Isnard laboured zealously on, almost to the very last breathe. At least the Lives of the Brethren (Vitae Fratrum) say his final sickness was a matter of only a few days. The manuscript annals, or chronicles, of the old Friar-Preacher convent at Pavia, tell us that he surrendered his pure soul to God on 19 March 1244. He knew that the end was near, prepared for it and died as holily as he had lived.
We have no account of the funeral of the man of God. Yet the great love and admiration in which he was held justify one, in the belief, that the Pavians attended it in immense numbers. Perhaps the sad event plunged the City in no less grief, than his own community. He was buried in the Church of Saint Mary of Nazareth, where his tomb became, at once, a place of pilgrimage for the City and Province of Pavia. Not a few miracles were wrought in answer to prayers to him. The name, Isnard, was often given to children at their Baptism.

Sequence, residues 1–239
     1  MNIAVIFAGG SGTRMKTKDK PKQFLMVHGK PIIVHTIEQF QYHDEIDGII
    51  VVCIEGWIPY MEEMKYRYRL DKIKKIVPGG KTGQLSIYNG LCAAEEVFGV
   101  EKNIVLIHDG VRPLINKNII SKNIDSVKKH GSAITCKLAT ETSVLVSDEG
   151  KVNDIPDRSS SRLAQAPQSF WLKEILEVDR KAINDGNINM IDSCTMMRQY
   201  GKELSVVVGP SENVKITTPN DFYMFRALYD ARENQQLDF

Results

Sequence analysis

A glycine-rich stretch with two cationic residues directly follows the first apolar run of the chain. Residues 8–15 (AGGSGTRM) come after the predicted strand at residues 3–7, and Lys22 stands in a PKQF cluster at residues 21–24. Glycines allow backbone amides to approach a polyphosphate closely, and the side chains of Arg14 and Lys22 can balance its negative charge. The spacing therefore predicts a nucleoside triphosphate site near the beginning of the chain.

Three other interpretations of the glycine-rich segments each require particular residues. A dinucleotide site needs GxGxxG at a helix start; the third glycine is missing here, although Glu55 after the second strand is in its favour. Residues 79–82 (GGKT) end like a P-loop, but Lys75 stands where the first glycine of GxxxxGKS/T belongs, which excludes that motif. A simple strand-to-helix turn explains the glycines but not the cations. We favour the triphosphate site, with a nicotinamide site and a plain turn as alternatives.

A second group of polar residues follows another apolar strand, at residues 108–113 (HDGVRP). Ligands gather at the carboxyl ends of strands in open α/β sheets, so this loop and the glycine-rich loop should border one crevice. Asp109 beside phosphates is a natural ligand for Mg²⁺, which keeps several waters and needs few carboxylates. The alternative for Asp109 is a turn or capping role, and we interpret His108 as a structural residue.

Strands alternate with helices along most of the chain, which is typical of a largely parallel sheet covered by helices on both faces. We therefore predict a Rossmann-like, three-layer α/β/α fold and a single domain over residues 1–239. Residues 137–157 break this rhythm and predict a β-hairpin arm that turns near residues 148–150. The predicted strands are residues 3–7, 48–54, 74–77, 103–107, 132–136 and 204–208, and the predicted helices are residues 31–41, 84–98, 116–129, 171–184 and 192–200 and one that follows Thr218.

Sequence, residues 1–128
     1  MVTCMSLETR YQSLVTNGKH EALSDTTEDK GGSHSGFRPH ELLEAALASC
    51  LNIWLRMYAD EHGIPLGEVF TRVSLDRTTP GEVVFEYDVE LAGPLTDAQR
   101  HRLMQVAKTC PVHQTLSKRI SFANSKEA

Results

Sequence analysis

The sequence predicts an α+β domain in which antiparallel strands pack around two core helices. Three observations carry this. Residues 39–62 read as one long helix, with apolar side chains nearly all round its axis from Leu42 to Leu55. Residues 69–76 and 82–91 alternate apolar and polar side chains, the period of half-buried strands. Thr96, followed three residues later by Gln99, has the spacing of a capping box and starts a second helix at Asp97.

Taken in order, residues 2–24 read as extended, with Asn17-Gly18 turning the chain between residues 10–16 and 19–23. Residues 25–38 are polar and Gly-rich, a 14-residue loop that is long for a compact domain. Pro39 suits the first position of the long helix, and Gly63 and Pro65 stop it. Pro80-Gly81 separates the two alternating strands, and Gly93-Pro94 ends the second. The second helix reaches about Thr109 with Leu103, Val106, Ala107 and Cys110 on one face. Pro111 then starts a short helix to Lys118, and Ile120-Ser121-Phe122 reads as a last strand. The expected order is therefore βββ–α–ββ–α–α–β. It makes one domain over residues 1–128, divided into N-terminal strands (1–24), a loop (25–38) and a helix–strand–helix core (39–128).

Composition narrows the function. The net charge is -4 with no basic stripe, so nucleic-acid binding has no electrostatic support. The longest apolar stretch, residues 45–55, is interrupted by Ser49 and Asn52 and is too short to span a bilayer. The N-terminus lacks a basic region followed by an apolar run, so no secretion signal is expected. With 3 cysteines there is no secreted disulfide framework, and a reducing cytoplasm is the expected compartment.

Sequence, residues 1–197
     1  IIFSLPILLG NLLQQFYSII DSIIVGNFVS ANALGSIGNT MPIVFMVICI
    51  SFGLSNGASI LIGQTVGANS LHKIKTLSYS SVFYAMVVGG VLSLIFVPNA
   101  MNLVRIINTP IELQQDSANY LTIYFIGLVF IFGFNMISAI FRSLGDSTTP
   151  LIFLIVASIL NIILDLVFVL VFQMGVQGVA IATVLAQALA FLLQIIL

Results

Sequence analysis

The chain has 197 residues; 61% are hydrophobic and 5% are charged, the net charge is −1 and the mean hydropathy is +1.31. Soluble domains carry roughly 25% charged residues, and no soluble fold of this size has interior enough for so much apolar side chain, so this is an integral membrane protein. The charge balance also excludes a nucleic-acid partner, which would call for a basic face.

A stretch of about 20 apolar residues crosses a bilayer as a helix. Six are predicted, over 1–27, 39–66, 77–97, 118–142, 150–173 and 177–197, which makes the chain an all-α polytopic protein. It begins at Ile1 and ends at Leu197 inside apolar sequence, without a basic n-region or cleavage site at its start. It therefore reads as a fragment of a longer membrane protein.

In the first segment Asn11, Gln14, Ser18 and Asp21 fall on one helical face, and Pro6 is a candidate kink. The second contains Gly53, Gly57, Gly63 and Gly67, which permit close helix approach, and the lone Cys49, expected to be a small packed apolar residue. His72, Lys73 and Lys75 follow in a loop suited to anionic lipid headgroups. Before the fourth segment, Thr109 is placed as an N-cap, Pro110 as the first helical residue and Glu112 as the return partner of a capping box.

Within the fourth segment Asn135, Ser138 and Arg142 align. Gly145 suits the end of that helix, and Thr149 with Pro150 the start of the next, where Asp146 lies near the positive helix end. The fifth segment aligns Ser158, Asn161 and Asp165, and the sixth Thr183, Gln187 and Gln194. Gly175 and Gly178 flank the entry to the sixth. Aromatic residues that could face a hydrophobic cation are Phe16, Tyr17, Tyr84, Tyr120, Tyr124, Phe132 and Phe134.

In 1850 portions of his relies were given to Chiampo and Vicenza. Old paintings of him here and there, which represented him as a saint, also helped the cause. In 1907 the Diocesan authorities of Pavia, approved of his cult and requested the Holy See to accept their decision. Pope Benedict XV, after a thorough investigation, Beatufied Isnard on 12 March 1919 and granted his Office and Mass to the Friars Preacher and the Diocese of Pavia with 22 March appointed as his feast day in Pavia.
Isnard, is the last of the original disciples of Dominic to be accorded the honours of the altar.